A Lockheed Martin F-35 fighter jet on display at the Singapore Airshow 2010. Photo: Roslan Rahman/Scanpix
The government will recommend that parliament approve the purchase of 27 new new F-35A Lightning II jets, also known as Joint Strike Fighters.
"We can monitor our airspace... and work in wars and conflicts around the world," Rasmussen said at a press conference announcing the choice.
The F-35 from American weapons producer Lockheed Martin was chosen over Boeing’s Super Hornet, the other contender for the massive Danish contract, despite Boeing's aggressive advertising campaign and concerns about the F-35’s stability.
Spiralling costs and schedule delays for the production of 2,457 planes in the United States has left the development of the aircraft costing over $400 billion, almost twice the initial estimate, according to a CNN report.
A Pentagon report said in February that the F-35A remains dogged by dangerous problems sure to further complicate what is already the most expensive weapons project in history.
In the latest blow to the programme, engineers uncovered a slew of flaws during extensive testing of the newest versions of the F-35 series, the report found, adding to a litany of issues including software bugs, technical glitches and cost overruns.
Defence Minister Peter Christensen said that the total lifetime costs of the new fleet would cost 56.4 billion kroner ($8.7 billion), but a recent Radio24syv report indicated the total cost for 28 fighter aircraft over a 30-year lifespan including equipment and maintenance could run as high as 100 billion kroner ($15 billion).
The purchase of a new fleet of fighter jets has been on the agenda of the Ministry of Defence for almost a decade. The purchase was supposed to have been completed by July 1st, 2015.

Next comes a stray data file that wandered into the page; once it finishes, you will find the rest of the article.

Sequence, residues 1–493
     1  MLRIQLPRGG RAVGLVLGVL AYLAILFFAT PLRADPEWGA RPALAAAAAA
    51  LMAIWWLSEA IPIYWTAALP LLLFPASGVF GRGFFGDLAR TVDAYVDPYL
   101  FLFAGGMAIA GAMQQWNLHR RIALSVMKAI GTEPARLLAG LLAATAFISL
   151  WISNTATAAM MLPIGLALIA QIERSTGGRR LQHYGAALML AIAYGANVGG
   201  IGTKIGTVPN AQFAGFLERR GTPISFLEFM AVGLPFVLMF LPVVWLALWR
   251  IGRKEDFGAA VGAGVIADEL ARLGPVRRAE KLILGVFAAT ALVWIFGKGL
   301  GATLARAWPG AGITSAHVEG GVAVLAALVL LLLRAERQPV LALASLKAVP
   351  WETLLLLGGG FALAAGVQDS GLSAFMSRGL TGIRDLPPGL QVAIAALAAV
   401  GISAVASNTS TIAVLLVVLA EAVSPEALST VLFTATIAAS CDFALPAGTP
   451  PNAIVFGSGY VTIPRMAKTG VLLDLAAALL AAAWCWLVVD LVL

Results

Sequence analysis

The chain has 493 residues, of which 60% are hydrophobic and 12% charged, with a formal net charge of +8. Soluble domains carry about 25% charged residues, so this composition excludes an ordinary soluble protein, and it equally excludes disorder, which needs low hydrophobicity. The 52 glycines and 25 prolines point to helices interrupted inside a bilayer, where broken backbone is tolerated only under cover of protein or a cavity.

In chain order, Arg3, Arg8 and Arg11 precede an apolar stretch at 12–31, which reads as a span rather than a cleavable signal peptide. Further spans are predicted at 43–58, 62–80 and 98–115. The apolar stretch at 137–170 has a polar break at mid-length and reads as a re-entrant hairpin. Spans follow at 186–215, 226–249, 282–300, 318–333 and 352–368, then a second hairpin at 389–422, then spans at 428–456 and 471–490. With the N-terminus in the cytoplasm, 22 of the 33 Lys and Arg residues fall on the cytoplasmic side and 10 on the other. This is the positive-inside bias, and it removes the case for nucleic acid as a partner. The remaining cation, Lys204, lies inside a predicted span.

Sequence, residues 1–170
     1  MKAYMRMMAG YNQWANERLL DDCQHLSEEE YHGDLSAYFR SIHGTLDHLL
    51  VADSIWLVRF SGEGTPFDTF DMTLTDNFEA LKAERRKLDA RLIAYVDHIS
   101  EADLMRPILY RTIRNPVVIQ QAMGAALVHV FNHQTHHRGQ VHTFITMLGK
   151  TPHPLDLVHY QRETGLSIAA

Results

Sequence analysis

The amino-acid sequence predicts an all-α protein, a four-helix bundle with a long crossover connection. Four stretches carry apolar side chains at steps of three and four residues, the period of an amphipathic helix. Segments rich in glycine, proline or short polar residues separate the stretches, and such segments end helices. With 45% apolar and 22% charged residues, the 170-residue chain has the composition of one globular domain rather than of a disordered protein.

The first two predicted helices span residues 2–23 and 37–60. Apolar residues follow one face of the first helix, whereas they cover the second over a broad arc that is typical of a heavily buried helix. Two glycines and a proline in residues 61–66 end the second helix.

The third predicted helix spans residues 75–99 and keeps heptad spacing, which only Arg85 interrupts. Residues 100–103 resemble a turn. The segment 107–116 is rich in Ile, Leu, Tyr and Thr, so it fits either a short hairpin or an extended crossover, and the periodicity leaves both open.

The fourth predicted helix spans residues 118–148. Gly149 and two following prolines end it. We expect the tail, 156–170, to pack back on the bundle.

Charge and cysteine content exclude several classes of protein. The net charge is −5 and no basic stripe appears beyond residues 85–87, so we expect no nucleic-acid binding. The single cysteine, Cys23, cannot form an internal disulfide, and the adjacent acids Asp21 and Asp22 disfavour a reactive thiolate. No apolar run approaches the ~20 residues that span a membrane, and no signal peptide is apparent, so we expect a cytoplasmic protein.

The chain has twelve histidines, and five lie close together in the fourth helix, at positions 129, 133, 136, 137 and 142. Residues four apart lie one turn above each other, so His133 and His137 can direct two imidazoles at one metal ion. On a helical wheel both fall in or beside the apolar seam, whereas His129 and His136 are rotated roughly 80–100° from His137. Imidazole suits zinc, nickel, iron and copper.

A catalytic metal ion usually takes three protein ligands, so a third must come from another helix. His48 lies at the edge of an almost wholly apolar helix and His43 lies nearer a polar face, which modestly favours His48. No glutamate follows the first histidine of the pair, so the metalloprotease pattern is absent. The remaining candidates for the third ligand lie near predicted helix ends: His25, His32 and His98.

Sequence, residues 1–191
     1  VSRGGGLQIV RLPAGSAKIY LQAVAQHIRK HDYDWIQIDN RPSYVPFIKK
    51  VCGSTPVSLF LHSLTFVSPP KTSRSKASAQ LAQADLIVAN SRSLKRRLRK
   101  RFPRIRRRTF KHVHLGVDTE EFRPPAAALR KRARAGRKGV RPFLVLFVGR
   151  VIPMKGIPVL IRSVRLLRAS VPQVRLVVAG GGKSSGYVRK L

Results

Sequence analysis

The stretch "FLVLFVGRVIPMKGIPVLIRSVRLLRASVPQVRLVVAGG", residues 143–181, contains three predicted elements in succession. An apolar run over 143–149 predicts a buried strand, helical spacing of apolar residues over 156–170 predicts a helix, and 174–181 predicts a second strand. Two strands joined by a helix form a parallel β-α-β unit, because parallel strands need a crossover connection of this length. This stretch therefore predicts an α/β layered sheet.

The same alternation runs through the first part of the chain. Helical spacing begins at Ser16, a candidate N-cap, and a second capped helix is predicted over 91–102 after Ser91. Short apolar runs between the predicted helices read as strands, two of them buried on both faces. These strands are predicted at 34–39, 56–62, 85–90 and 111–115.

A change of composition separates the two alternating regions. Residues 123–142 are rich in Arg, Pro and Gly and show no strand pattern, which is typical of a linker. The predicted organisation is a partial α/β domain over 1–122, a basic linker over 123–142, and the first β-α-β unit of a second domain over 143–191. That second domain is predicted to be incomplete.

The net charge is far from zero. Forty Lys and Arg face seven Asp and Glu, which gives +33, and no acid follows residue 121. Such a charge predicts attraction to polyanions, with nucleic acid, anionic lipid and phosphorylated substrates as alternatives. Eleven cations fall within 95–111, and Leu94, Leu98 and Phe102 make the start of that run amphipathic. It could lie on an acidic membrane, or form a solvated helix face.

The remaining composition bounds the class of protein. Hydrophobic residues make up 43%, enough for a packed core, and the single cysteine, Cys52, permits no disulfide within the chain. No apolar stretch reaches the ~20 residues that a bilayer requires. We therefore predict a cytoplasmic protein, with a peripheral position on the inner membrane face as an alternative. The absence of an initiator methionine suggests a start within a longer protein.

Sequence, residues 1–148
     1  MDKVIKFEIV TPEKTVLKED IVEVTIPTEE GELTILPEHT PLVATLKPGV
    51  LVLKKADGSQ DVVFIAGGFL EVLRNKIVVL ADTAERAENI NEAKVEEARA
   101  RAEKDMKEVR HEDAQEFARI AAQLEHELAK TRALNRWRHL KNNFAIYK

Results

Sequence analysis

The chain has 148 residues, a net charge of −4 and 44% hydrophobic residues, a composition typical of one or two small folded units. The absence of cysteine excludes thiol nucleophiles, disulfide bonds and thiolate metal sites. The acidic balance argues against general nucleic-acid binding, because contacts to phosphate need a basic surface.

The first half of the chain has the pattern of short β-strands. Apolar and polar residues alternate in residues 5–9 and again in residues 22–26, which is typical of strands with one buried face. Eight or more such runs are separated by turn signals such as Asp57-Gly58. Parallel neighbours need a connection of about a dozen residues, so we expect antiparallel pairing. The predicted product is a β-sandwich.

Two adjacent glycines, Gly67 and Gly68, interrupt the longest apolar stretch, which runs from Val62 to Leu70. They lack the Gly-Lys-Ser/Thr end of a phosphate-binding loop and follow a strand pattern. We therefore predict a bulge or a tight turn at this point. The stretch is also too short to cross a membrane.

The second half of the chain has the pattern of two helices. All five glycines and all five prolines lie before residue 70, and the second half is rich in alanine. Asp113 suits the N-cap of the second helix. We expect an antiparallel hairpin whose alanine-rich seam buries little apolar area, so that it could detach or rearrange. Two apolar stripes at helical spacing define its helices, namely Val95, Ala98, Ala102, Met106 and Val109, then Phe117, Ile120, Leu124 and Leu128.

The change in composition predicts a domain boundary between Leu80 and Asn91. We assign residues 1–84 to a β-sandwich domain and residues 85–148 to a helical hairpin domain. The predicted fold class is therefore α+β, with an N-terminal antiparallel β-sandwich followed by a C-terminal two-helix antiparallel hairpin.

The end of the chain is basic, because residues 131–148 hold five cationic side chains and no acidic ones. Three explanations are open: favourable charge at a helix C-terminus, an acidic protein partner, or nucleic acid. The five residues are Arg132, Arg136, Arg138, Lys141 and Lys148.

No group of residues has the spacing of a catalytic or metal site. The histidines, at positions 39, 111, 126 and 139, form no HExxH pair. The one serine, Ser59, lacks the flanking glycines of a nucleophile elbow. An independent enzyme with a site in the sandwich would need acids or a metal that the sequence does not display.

Although the government is finally due to make its final recommendation on Thursday, a new political likely awaits over the final number of jets that will be purchased.
Upon the news of the government’s final pick, support party the Conservatives immediately said that there should be at least 30 jets while the left-wing Socialist People’s Party countered that Denmark should only purchase 18 to 24.
One contingent that appears to agree on the purchase is the Danish public, which is soundly against the idea.
A poll conducted for political site Altinget showed that 59 percent of Danish voters disapprove of the huge purchase while just 25 percent think it’s a good idea.
A spokesman for government party Venstre said the poll results reflect a misguided debate around the historic purchase.
“The entire discussion [about what the jets will be used for] has been missing and that can possibly be the reason why there are so many who cannot see the advantages of buying new fighter jets,” he told Altinget.
Denmark currently has a fleet of 30 F-16 fighter jets that have been in service since 1980.
The F-35A fighter jets, which would replace the F-16 and which is still in development, are expected to be ready by 2027. Denmark is one of nine partner countries, that also include Britain, Canada and Turkey, who are helping pay for the futuristic F-35A fighter jet's development.